This is the mail archive of the
mailing list for the glibc project.
Re: [PATCH] time: Avoid alignment gaps in __tzfile_read
* Paul Eggert:
> Florian Weimer wrote:
>>> Anyway - if we're moving things around, how about putting 'leaps'
>>> before 'transitions' instead of after? This will eliminate alignment
>>> gaps just as well in practice, and it will allow us to do one fread
>>> instead of two.
>> This is not possible because struct leap has alignment 4 on i386, while
>> the transitions array has alignment 8.
> If that's the issue, we can easily change struct leap to have an
> alignment of 8 on x86-64 by using an alignment directive, or (less
> good) change the transitions array to have an alignment of 4 by
> packaging each transition value inside a struct.
Well, or we could use this patch.
>> It's not about performance, it's about simplifying the code in
>> preparation of eliminating most of the locking.
> I guess I'm not seeing the point. The code isn't that much simpler and
> it is surely a bit fatter and slower,
With the old allocation order:
0000000000000000 0000000000000d4c T __tzfile_read
With the new allocation order:
0000000000000000 0000000000000cd8 T __tzfile_read
So it's not just the allocations that are more compact, the code is as
>> I'm pondering whether we should leap second support
>> altogether because it leads to non-conformance with POSIX.
> Oh my, that would be a bigger deal. Strictly speaking glibc currently
> conforms to POSIX in this respect, so what you're pondering is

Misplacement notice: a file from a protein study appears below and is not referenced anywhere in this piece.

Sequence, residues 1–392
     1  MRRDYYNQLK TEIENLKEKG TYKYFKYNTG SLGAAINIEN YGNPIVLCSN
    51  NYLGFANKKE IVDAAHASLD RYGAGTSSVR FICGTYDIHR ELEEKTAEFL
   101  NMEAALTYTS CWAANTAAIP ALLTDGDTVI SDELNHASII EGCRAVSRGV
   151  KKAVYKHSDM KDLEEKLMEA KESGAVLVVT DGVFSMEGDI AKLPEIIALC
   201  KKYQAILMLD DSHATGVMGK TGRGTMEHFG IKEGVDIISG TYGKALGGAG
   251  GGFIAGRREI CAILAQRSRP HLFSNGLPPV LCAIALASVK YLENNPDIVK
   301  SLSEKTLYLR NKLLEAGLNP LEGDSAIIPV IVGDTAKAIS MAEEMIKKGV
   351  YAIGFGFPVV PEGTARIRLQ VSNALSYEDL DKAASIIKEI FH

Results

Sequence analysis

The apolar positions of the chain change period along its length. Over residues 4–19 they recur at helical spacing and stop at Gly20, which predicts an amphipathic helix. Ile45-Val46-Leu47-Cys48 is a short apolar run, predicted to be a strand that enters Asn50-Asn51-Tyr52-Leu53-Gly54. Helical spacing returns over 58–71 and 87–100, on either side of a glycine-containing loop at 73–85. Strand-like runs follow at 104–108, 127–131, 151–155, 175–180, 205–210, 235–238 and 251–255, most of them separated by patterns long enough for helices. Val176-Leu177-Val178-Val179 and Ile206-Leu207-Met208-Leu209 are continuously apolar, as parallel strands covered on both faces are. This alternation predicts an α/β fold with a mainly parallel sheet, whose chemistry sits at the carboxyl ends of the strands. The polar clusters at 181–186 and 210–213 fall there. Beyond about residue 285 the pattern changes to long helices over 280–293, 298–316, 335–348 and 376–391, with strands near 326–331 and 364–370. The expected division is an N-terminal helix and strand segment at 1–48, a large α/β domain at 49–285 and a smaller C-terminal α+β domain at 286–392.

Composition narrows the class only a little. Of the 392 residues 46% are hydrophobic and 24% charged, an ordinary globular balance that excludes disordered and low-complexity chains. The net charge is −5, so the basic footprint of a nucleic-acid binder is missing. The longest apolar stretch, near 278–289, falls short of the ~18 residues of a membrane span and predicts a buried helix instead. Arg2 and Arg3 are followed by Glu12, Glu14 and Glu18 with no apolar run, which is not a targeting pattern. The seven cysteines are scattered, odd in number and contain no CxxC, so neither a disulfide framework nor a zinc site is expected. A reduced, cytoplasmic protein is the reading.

> removing an extension to POSIX rather than fixing a conformance
> issue. Has anybody else ever done that; that is, has any other C
> library supported tzdb-style leap seconds and then removed the
> PS. It would be ironic for glibc to remove leap second support at
> about the same time that Microsoft Windows finally added support. See:
> Cuomo D. Top 10 Networking Features in Windows Server 2019: #10
> Accurate Network Time. [Microsoft] Networking
> Blog. 2018-07-18. https://blogs.technet.microsoft.com/networking/2018/07/18/top10-ws2019-hatime/
It's not possible to do this on Linux because if the kernel clock does
not run on an UTC clock, many programs will not report the correct time.
Even if all these applications were magically fixed to use the glibc
functions (which includes gmtime_r with its locking overhead, something
many programs avoid for performance reasons), then the current code is
still broken because it does not reload the time zone data when new leap
second information is added to it.
Anyway, this is a separate discussion.